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Have you ever heard of the ‘Nigerian Prince’ scam? It’s perhaps one of the oldest, still-running internet frauds on the planet.
The way it works is simple. Imagine yourself receiving an email from a stranger who offers an opportunity of a lifetime;
“Dear so and so,” the email would read. “I am Prince this and that, member of this whatever royal family, from the blah blah kingdom. I have millions of dollars that I’d like to transfer out of my kingdom but I need your help to do it. All you need to do is send me some of your money in advance to begin this transaction or heck just send over your bank account and personal details so I can do it for you…” or something like that.
Now, most people who receive something like this would already know that it is a scam, but still, for decades, thousands of people from all over the world have lost millions, maybe billions, to this devious scheme.
The Nigerian Prince scam itself is a remix of a centuries-old trick called the ‘Spanish Prisoner’ scam that came about during the French Revolution in the 1700s’.
Scammers would send handwritten letters impersonating noblemen who have supposedly been imprisoned, needing help in the form of money to be set free.
This ‘advance-fee scam’ as some call it, has evolved to take on many different forms while still praying on the same type of people
According to the FBI, the scheme relies on convincing willing victims who demonstrate a ‘propensity for larceny’ or to put it short, those who are easily duped. Some psychologists also say that these types of scams are so effective because they prey upon a person’s greed and a desire to be a hero by helping others.
Read More: How Scammers Prey On Your Desires To Get What They Want
Beware the cunning tactics of the ‘Tengku’ love scam
Nowadays, it seems that scammers are employing every tactic they’ve mastered over the years to prey upon people’s hearts instead.
PDRM warns of a deceitful new ‘love scam’ that’s taken root in Malaysia.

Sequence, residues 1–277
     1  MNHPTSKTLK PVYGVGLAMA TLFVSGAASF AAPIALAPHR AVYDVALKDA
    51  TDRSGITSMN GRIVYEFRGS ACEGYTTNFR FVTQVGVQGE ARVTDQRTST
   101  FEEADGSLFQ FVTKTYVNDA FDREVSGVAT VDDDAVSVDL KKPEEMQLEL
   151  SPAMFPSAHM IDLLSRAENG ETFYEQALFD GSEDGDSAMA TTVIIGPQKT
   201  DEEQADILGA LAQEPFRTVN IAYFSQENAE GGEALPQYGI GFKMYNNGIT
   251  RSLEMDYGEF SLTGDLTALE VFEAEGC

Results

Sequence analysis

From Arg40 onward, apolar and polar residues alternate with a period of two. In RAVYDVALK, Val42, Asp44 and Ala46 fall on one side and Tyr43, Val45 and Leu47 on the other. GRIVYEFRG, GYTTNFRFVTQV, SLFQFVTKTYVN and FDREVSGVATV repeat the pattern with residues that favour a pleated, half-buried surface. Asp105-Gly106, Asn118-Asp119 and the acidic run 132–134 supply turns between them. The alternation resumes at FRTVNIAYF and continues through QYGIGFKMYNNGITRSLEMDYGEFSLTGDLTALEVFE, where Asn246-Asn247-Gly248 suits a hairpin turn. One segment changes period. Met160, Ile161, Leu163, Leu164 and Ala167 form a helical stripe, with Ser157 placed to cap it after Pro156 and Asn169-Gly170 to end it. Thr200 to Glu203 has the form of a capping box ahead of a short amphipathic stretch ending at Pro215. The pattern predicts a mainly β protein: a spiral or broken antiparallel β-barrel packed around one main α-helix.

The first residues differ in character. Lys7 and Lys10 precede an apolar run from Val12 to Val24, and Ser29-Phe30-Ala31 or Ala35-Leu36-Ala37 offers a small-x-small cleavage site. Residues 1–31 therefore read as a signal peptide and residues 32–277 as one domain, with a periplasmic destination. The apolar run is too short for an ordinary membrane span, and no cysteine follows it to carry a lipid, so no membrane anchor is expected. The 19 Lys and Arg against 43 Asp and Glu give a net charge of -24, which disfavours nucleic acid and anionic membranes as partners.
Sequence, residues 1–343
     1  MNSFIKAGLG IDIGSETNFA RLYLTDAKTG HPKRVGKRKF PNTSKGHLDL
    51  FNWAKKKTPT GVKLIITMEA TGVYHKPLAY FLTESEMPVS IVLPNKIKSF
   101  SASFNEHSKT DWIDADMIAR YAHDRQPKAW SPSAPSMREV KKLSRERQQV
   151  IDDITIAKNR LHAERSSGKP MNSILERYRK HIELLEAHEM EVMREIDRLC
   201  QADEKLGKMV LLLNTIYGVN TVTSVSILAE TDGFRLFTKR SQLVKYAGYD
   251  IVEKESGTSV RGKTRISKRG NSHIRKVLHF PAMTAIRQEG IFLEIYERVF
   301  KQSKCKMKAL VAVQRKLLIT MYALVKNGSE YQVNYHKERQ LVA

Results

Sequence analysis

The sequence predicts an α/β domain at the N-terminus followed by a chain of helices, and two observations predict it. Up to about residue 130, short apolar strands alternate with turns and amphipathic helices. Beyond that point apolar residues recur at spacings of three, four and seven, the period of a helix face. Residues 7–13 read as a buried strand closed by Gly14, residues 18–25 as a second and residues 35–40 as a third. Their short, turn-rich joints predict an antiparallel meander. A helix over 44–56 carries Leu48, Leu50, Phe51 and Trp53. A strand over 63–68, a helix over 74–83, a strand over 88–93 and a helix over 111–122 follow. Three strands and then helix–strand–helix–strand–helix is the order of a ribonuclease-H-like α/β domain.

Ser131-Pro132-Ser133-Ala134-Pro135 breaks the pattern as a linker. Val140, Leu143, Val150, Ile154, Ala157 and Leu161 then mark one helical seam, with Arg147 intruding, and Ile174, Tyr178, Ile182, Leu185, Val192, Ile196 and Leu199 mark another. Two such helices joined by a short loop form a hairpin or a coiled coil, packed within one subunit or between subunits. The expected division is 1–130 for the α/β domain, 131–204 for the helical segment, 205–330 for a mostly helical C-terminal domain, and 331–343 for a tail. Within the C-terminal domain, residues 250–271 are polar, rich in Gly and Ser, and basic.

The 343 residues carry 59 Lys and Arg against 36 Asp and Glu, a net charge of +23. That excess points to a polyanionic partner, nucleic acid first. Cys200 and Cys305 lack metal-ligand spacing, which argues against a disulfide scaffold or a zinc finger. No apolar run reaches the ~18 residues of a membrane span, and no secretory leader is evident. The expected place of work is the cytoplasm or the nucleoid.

The scam involves people being cheated out of their money and possessions by a person claiming to be a “Tengku” or a member of the Malay royal families.
Victims are emotionally manipulated to hand over their valuables to the “Tengku” to supposedly prove their love and admiration for their fraudulent lover.
Recently, a 20-year-old entrepreneur in Kelantan fell for the treacherous love scam after meeting someone who claimed to be a “Tengku” on the Grindr online dating app.
The victim reportedly lost more than RM570,000 as well as jewellery belonging to his mother in a bid to win the “Tengku’s” heart. The “Tengku” had even promised to purchase the victim a pick-up truck in return for the devotion that was shown.
It is said that the victim was also forced to give up his belongings to the scammer because the suspect had threatened to leak the victim’s nude videos.
The case was now being investigated under Section 420 of the Penal Code for the crime of cheating, deceiving and dishonesty in order to get a person to hand over their property.
According to PDRM, cases of love scams are nationally on the rise.
Their data show a total of 1,535 love scams reported in 2019, involving losses of over RM79 million, and in 2020 a total of 1,582 similar cases were reported which involved losses totalling more than RM58 million.
Love or romance scams as they call it has a victim falling for individuals who work to gain their affection in exchange for profits.
Scammers would use platforms such as social media or online dating applications to lure victims into believing that they are someone they are not.
Romance scammers would oftentimes create fake profiles and fake identities, even to go as far as impersonate someone you might know, in order to ‘catfish’ victims to fall for their ruse.
PDRM advises Malaysians not to be easily charmed by a person’s profile pictures and online personality, besides being careful with who we are in contact with on cyberspace, especially if they say they are overseas.
Netizens are reminded to not be fooled by a stranger’s sweet promises and character or give out any personal and valuable information over the internet, phone, email and other platforms.
The public is also cautioned against making any financial transactions, or lending money to someone they don’t absolutely know.
If you or anyone you know have information or may have been a victim of such scams, please reach out to PDRM’s Commercial Crime Investigation Department (CCID) Scam Response Centre hotline at 03-2610 1559 or 03-2610 1599, or head on over to your nearest police station to make a report.
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